Two of his key cabinet members, however, were uneasy with the president’s appeasement policy toward China. Secretary of National Defense Delfin Lorenzana has been very vocal concerning the unannounced passage of People’s Liberation Army Navy ships in Philippine territorial waters in Mindanao and on China’s unlawful radio warnings to PAF reconnaissance aircraft patrolling the Philippines’ exclusive economic zone in the South China Sea. For his part, Secretary of Foreign Affairs Teodoro Locsin has instructed the Department of Foreign Affairs to file 45 diplomatic notes against China for provocations, threats, or coercion against Philippine military and civilian vessels or planes in the South China Sea.

These two cabinet members also aired their reservations about Duterte’s decision to abrogate the VFA. Fortunately, China provided Secretaries Lorenzana and Locsin with a little help in convincing President Duterte to twice suspend the VFA’s termination process last year, and hopefully renegotiate a new status of forces agreement. On February 17, a PLAN corvette pointed a director—part of its fire control system—toward the Philippine Navy’s anti-submarine corvette BRP Conrado Yap near Commodore Reef in the South China Sea. In early April, China inaugurated two maritime research stations on artificial islands that are claimed by the Philippines: Fiery Cross and Subi Reefs. In late December 2020, satellite images revealed that China deployed its largest military aircraft, the Y-20 transport, to Fiery Cross Reef for the first time. The deployment was followed by a series of Chinese military exercises in the waters surrounding Hainan Island. And on January 23, China’s legislature passed a new coastguard law authorizing China Coast Guard vessels to fire at foreign ships. This seems to have been the final push forcing the Duterte administration to place its alliance with the United States on a firmer footing by pursuing negotiations on a new VFA.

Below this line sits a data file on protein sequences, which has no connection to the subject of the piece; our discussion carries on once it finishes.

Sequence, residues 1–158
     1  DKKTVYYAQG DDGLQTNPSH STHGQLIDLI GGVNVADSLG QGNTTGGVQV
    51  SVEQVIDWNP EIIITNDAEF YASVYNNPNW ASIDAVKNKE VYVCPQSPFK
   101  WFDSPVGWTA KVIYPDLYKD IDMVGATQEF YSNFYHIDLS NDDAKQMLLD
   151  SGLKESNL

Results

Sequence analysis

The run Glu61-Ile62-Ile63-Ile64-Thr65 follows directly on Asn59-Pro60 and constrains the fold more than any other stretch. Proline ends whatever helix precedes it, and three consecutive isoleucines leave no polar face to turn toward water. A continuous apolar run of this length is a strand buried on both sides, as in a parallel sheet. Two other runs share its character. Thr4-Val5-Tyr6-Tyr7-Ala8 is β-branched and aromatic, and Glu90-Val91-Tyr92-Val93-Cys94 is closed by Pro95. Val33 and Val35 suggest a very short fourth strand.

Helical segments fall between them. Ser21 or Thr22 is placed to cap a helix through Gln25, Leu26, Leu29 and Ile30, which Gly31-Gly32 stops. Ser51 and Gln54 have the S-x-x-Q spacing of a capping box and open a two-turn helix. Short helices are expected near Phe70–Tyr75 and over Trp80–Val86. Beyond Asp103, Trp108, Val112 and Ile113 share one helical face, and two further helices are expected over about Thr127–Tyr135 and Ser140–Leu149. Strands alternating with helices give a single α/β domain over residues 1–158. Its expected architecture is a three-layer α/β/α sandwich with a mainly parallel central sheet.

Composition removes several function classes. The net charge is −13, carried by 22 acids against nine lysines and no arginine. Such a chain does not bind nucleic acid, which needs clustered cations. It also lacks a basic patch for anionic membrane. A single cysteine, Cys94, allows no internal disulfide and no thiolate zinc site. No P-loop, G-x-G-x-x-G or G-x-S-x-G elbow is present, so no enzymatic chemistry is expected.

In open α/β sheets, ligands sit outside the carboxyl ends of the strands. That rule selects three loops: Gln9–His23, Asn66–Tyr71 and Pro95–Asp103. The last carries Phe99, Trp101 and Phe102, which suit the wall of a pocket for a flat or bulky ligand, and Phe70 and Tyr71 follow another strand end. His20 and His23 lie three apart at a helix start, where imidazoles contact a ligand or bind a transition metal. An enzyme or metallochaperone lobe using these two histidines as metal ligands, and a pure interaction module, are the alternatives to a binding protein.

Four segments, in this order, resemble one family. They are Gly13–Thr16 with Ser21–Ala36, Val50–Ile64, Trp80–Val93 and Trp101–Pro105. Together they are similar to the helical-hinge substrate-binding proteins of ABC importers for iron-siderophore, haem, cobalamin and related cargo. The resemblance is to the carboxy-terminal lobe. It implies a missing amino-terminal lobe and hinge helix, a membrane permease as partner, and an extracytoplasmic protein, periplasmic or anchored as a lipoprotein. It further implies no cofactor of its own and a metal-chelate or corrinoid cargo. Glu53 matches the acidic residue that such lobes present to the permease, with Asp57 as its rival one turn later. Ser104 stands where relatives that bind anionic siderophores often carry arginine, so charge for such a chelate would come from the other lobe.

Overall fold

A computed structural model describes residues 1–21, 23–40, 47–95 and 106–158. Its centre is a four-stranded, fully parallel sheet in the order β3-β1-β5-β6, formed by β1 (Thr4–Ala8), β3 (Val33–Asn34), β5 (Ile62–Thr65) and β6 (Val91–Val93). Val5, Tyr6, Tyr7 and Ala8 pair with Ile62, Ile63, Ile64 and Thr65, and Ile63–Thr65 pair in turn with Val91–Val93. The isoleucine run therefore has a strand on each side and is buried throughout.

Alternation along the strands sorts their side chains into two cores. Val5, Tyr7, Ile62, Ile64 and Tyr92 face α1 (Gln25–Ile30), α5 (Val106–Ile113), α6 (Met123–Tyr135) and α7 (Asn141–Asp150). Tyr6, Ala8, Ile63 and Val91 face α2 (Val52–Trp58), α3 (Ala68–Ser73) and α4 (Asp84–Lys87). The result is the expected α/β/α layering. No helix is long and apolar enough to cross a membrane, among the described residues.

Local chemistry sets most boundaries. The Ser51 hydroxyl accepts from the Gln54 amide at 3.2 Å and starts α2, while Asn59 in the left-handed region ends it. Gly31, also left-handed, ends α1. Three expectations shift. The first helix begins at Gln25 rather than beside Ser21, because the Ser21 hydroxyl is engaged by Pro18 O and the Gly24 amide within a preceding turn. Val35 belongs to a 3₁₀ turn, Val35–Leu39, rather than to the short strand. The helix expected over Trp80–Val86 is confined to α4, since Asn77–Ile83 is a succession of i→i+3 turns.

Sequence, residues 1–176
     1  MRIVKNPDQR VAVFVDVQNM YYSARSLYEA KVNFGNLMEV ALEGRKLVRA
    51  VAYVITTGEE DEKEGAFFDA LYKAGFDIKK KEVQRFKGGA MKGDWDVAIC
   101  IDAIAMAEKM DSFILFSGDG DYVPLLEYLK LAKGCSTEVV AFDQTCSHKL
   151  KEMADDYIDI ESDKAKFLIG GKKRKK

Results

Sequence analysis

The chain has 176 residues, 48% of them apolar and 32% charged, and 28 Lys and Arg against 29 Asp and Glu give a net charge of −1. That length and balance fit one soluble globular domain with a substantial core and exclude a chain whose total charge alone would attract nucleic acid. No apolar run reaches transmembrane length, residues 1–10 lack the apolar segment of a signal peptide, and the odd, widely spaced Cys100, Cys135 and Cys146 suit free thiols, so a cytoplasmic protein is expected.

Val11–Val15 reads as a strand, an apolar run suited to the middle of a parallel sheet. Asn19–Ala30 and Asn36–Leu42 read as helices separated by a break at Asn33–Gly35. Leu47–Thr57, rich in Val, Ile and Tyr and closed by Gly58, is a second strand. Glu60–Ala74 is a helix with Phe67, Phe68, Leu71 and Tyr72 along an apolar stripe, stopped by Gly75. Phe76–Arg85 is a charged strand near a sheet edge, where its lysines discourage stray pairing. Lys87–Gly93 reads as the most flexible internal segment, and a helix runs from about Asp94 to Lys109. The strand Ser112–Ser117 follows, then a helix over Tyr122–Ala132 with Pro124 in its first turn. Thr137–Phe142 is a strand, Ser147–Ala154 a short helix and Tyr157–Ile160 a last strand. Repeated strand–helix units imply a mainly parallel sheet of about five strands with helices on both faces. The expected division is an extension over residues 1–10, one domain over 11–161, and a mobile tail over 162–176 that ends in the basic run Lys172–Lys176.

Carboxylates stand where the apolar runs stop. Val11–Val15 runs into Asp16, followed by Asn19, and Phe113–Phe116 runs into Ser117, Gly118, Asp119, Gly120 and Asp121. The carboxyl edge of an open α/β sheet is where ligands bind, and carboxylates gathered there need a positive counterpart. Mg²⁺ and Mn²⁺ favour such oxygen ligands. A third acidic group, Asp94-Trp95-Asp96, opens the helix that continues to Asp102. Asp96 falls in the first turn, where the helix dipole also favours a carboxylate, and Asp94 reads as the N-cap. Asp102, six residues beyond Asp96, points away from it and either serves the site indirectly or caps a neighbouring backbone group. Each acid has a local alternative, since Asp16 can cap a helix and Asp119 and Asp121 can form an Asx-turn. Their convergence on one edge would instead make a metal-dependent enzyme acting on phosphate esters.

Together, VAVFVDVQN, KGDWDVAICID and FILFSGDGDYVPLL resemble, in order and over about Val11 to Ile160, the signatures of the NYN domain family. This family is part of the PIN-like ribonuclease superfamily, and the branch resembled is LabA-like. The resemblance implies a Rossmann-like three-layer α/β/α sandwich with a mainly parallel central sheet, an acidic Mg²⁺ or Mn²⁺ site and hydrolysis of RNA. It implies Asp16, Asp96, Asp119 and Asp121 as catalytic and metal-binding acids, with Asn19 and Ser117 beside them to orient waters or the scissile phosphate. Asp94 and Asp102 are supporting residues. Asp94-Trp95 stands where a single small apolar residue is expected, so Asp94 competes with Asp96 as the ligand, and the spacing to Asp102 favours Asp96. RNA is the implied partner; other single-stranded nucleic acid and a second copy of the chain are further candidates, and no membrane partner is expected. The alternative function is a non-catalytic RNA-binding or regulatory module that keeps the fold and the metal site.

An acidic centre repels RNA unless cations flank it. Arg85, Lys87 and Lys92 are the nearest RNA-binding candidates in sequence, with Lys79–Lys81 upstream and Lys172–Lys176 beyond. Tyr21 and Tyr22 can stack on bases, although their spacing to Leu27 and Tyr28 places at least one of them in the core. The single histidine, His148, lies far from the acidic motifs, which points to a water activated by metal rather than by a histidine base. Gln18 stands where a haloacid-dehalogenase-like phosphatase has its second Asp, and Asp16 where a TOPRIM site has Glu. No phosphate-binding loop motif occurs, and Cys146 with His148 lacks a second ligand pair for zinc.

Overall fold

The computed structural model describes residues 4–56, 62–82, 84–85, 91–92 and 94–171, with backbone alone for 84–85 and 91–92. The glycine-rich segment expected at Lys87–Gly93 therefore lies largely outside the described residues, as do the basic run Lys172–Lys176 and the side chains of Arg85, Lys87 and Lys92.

About Renato Cruz de Castro

Renato Cruz De Castro is a distinguished university professor in the International Studies Department, De La Salle University, Manila, and holds the Dr. Aurelio Calderon Chair in Philippines-American Relation. As a member of the Board of Trustees of the Albert Del Rosario Institute of Strategic and International Studies (ADRI), he writes monthly opinion columns for the Philippine Star and Business World.